This remarkable movement was inaugurated by the late
bishop of Durham, Dr. Lightfoot, at Bishop-Auckland, Durham, England,
Feb. 14, 1888, Miss Ellice Hopkins being present and taking part. Dr.
Lightfoot was led to this action by a study of the moral
condition of those northern counties of England that came under
especial notice, in connection with the reform work prosecuted by Miss
Hopkins. Erelong it was found necessary to draw up a brief statement of
principles, and this was mainly accomplished at a conference held at
St. Peter's, Eaton square, London, Colonel Everett Poole being the
chief author of this moral creed which, apparently, is
destined to be as extended as the human race :
treat all women with respect, and endeavor
to protect them from wrong and degradation.
- To endeavor to put down all indecent language and coarse jests.
- To maintain the law of purity as equally binding upon men and women.
- To endeavor to spread these principles among my companions, and to try and help my younger brothers.
- To use every possible means to fulfil the command, " Keep thyself pure."
movement soon began to spread, and In due time it reached seats of
learning like those at Oxford, Cambridge, Edinburgh, and Dublin, and
then began to find its way to India, Africa, Australia, and Canada.
Soon after it was begun in England, it attracted the attention of the
young men of the church of St. John the Evangelist, New
York City, and, through their rector (B. F. De Costa), they put
themselves in connection with the leaders of the movement in England,
receiving authority to proceed in the work of organization and to
republish the White Cross literature. " Branch Number One" was thus
After long and careful
preparation the society held its first public meeting, Sunday evening,
Feb. 8, 1885, in the parish church, the bishop of Iowa (W. S. Perry)
taking the place of the bishop of New York (H. Potter) among the
speakers. Accounts of this meeting were published the next morning in
the leading newspapers throughout the United States, and from that day
the White Cross Movement found itself one of the recognized
institutions. The movement was at once taken up by many young
mens' Christian associations, and the president of Branch Number One
was called to visit remote regions of the country to aid in
Though the White Cross Society is distinctly a
society for men, all classes are invited to
cooperate, and the National Woman's
Christian Temperance Union at once organized a "Department of Social
Purity, co-operating with the White Cross," in which work they have
been followed by the Non-Partisan Union. Oct. 25,1886, several bishops
of the Protestant Episcopal Church, at Chicago, set forth a
"declaration" in favor of the White Cross Movement, which subsequently
received the endorsement of nearly every member of the House of
Bishops, saying that "the object of the White Cross Society is to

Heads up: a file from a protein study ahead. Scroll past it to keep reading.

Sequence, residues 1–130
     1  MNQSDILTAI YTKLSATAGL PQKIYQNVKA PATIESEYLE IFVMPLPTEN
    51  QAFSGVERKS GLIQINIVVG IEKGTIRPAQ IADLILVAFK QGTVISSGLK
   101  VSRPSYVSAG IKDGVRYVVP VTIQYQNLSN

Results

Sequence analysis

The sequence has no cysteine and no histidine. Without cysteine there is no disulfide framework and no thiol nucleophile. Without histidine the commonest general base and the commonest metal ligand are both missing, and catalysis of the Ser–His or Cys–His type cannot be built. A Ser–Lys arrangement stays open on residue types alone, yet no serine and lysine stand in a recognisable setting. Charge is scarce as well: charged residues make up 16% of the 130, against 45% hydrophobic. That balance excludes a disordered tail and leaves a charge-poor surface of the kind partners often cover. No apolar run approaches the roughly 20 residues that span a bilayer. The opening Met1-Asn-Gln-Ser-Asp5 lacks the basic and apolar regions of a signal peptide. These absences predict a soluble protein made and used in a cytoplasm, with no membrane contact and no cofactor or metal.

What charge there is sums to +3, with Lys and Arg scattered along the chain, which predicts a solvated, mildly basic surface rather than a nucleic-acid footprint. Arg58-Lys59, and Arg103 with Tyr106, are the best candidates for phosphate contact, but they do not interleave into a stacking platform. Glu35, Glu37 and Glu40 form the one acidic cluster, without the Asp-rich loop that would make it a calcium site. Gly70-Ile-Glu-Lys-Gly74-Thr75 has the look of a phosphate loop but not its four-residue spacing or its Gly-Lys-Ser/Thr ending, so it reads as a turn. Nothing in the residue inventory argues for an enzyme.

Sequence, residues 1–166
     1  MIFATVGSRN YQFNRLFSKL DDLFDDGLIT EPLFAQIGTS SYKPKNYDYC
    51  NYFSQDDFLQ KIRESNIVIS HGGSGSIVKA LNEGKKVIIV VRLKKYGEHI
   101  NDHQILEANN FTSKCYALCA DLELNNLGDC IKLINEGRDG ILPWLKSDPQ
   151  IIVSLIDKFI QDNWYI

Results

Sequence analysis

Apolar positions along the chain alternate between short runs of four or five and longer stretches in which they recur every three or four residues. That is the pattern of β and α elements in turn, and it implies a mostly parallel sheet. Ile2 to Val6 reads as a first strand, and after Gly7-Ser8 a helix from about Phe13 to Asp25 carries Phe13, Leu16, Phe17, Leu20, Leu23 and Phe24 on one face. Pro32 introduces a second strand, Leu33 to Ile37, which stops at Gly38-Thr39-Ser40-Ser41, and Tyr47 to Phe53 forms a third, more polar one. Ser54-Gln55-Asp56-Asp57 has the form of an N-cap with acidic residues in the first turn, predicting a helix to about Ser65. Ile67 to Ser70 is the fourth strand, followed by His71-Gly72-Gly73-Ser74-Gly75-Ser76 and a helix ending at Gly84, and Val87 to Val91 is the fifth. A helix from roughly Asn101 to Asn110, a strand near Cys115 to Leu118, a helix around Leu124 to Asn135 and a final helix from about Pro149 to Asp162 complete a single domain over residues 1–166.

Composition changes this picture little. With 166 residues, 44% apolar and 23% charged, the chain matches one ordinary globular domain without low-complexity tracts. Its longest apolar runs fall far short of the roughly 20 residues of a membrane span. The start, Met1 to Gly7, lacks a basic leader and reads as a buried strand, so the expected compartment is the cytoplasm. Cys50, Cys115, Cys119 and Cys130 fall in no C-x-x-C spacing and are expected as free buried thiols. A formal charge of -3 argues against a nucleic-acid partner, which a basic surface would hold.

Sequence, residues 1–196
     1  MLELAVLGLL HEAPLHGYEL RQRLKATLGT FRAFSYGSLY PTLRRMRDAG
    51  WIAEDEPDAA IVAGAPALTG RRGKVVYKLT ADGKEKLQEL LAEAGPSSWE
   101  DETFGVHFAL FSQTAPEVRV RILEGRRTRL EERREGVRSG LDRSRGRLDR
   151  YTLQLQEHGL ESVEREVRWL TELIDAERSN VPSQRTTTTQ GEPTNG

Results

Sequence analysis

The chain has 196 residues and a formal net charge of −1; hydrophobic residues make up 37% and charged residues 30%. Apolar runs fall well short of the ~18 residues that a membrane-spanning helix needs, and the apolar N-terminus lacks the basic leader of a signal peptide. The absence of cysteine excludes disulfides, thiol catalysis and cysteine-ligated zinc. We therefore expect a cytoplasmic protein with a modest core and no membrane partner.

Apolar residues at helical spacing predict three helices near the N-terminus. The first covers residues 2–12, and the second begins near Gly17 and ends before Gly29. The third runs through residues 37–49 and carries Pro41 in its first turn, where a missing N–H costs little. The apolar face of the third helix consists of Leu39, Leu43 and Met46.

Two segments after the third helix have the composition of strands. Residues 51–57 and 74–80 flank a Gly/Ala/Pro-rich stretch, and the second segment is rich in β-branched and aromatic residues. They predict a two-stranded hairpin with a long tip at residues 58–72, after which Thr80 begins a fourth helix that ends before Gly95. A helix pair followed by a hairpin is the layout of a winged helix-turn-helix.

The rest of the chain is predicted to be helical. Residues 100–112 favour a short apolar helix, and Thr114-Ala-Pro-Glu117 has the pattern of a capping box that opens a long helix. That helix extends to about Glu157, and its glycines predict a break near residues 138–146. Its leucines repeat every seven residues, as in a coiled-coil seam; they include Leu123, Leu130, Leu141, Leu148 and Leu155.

elevate opinion respecting the nature and claims of morality, with its
equal obligation upon men and women, and to secure a proper practical
recognition of its precepts on the part of the individual, the
family, and the nation." This strikes a severe blow at the double
standard of morality, which allows that what is sin in a woman is to
be tolerated in man.
This platform was offered for the acceptance
of Christian people of all denominations, and it has been widely
adopted, both in the United States and Canada, where it has been
carefully prosecuted in connection with the work of the Good
Templars, the White Cross being associated with the highest degree.
The White Cross Movement is co-operative, and associates itself with
churches, temperance societies, Christian
Endeavor societies, Sunday-schools, Bible classes, and guilds.
Societies are now at work in every part of the land, and probably not
less than one million of men are now individually,
or through some society, committed to the work of the White Cross with
a future of vast usefulness before it.
Under the direction of a
publication committee, composed of bishops and others, twenty of the
White Cross papers, together with à manual of the White Cross, have
been published by E. P. Dutton & Co., New York City, the papers
having been carefully revised by Miss Hopkins and published with her
approval. To the White Cross Society there has been added a junior
branch for bovs, entitled "The Silver Cross," suggested
by the bishop of Central New York, F. D. Huntington, together with
"The White Shield for Women," organized by Miss Frances E. Willard, and "The Daughters of the Temple for Girls," suggested by the
undersigned, B. F. DeCosta.
Entry from The Concise Dictionary of Religious Knowledge and Gazetteer, 1889
White Cross Movement was a religious and purity campaign of the 1880s
that attempted to address changing gender relationships as more
middle-class women entered the workforce and the public sphere. See E.R. Shepherd's True Manhood, A Manual For Young Men, a Guide to Physical Strength, Moral Excellence, Force of Character, and Manly Purity (1888). Shepherd
related a couple of pertinent anecdotes about the moral dangers that
could snare innocent young working women, then solemnly admonished
his male readers:
That young women are
largely entering into business life and thus mingling much more freely
than formerly in business circles, is no occasion
for letting down the barriers of courtesy and consideration which should mark intercourse
with them. Rather it is demanded that thoughtful young men create on
these new lines yet higher standards of demeanor. A noble young
business man of pure heart and life, and of princely bearing, said
recently, "All of my young lady friends are girls who are
self-supporting, and I am proud of them. I do not desire as my
friends any other kind."